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English As She Is Spoke by Jose da Fonseca
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English As She Is Spoke (1855)

by Jose da Fonseca, Pedro Carolino

Other authors: See the other authors section.

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» See also 23 mentions

Showing 1-5 of 9 (next | show all)
This entertaining historical artefact neatly illustrates that comic Babelfish translations are not a recent phenomenon. Language - it's there to trip you up. ( )
  imyril | May 27, 2014 |
It's probably impossible to improve on Mark Twain's review of this timeless tome, and I won't even try. Suffice it to say that time has borne out Twain's prediction that as long as English is spoken, this volume will be circulated, printed, and read to gales of laughter and astonishment. Contains the most evocative phrase ever written in English; "To Craunch a Marmoset." ( )
  BruceCoulson | Jan 20, 2014 |
If your favorite Monty Python sketch is "Dirty Hungarian Phrasebook" ("My hovercraft is full of eels"), you'll enjoy this English phrase book, written by a non-English-speaking fellow who used a Portuguese-French phrasebook and French-English dictionary to render what appear to be well-formed Portuguese sentences into inexplicable sentiments such as "He burns one's self the brains." Some of the errors make sense--they are literal translations of reflexive constructions, or homophones. Others defy easy explanation. While it may be true that "It must never to laugh of the unhappies," you may find this a difficult dictum to which to adhere in the face of these translations. I especially enjoy the section presenting anecdotes which are all but incomprehensible in the telling. Laughing of the unhappies, however, may bring about the uneasy realization that your attempts to speak another language probably sound exactly like this phrasebook.

You can learn to say "My hovercraft is full of eels" in many tongues at http://www.omniglot.com/language/phrases/hovercraft.htm ( )
2 vote OshoOsho | Mar 30, 2013 |
This book was first published more than 150 years ago, as a serious attempt to provide English/Portuguese words and phrases for the adventurous Portuguese tourist. Unfortunately, the author did not speak any English, and relied on TWO dictionaries to get to French and then to English. The result is hilariously inaccurate, often inappropriate, and totally believable.

It is very reminiscent of the Monty Python sketch The Hungarian Phrasebook, in which bizarre and often lascivious translations of simple day-to-day phrases cause the publisher to appear in a British court. After several of the more inappropriate phrases are read into the record, he pleads incompetence. My money's on this book as the inspiration.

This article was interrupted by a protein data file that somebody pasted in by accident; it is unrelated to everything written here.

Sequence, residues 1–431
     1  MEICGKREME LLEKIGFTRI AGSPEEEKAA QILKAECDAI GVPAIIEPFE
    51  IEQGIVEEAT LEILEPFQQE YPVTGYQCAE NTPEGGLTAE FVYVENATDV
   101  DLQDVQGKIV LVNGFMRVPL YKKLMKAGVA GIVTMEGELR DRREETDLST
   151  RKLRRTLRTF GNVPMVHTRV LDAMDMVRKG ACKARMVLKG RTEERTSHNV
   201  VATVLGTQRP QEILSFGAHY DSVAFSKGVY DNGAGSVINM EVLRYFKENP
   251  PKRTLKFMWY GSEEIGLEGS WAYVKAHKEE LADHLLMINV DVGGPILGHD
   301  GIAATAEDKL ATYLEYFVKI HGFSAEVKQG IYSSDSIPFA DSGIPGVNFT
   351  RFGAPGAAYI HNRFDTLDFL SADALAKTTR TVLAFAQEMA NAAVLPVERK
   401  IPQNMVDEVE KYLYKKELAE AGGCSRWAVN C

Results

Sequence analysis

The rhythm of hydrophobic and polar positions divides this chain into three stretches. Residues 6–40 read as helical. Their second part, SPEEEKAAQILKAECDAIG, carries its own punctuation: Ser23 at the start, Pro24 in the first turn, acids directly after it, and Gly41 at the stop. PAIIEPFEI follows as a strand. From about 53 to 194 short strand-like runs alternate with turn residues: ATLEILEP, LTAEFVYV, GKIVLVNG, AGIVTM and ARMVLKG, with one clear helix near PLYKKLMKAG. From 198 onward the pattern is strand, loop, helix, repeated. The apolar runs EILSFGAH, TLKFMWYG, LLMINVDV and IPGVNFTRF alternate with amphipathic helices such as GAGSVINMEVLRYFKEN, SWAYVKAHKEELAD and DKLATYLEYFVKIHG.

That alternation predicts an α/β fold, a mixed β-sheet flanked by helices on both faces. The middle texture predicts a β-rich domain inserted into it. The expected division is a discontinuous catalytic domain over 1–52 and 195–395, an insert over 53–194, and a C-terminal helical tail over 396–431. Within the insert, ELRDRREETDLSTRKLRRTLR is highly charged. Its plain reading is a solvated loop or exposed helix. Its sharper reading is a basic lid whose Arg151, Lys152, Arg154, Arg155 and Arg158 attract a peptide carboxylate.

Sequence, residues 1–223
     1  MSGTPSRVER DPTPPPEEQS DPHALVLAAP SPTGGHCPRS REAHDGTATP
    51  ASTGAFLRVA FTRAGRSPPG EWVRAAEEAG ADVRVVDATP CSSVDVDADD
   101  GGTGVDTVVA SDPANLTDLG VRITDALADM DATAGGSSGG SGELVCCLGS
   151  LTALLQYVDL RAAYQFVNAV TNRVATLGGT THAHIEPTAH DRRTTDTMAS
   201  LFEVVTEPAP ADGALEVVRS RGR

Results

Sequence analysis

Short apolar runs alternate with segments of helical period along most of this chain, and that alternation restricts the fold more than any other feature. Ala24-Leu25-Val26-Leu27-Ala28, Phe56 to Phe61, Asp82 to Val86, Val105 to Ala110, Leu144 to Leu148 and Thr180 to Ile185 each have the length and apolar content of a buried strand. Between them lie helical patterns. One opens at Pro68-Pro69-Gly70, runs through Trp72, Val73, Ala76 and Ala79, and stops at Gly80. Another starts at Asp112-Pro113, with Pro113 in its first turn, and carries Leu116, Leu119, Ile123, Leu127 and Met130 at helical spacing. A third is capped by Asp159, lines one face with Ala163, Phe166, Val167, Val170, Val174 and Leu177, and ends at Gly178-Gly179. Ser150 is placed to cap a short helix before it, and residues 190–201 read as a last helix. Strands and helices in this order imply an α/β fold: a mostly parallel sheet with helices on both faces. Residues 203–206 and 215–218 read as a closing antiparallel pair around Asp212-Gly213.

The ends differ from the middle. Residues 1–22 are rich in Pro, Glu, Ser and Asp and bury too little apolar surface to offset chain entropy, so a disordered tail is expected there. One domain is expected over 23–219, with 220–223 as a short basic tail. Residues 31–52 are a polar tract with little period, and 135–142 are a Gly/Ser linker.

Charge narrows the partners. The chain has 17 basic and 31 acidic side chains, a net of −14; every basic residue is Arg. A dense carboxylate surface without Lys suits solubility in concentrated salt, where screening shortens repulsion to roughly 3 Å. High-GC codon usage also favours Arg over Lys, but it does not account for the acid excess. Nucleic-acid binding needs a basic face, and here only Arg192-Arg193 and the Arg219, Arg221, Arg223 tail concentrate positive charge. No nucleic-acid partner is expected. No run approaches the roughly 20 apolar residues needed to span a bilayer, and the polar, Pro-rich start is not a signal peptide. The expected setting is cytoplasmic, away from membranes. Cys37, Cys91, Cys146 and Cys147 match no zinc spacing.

That this was ever accepted by a publisher speaks reams about the book business. That it survives today is a tribute to a sense of humor and a sense of the absurd. This book will never be obsolete or out of date. It's a minor treasure. ( )
  DavidWineberg | Mar 27, 2013 |
What happens when you use a Portuguese-French phrasebook and a French/English dictionary (and zero knowledge of English) to make a Portuguese-English phrasebook? This happens. It's hard to pick a favorite "common" English phrase, but I am especially amused by "You hear the bird's gurgling?" For extra giggles, read aloud. In short, this book really craunched the marmoset. ( )
  melydia | Mar 25, 2013 |
Showing 1-5 of 9 (next | show all)
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» Add other authors (13 possible)

Author nameRoleType of authorWork?Status
Jose da Fonsecaprimary authorall editionscalculated
Carolino, Pedromain authorall editionsconfirmed
Collins, PaulEditorsecondary authorsome editionsconfirmed
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Amazon.com Product Description (ISBN 097190474X, Hardcover)

In 1855, when Jose da Fonseca and Pedro Carolino wrote an English phrasebook for Portuguese students, they faced just one problem: The didn't know any English. All they had was a Portuguese-to-French dictionary, and a French-to-English dictionary. The linguistic train wreck that ensued is a classic of unintentional humor, now revived in the first newly selected edition in a century.

(retrieved from Amazon Thu, 12 Mar 2015 18:21:22 -0400)

(see all 3 descriptions)

In 1855, when Jose da Fonseca and Pedro Carolino wrote an English phrasebook for Portuguese students, they faced just one problem: they didn't know any English. Even worse, they didn't own an English-to-Portuguese dictionary. What they did have, though, was a Portuguese-to-French dictionary, and a French-to-English dictionary. The linguistic train wreck that ensued is a classic of unintentional humor, now revived in the first newly selected edition in a century. Armed with Fonseca and Carolino's guide, a Portuguese traveler can insult a barber ("What news tell me? All hairs dresser are newsmonger"), complain about the orchestra ("It is a noise which to cleve the head"), go hunting ("let aim it! let make fire him"), and consult a handy selection of truly mystifying "Idiotisms and Proverbs."… (more)

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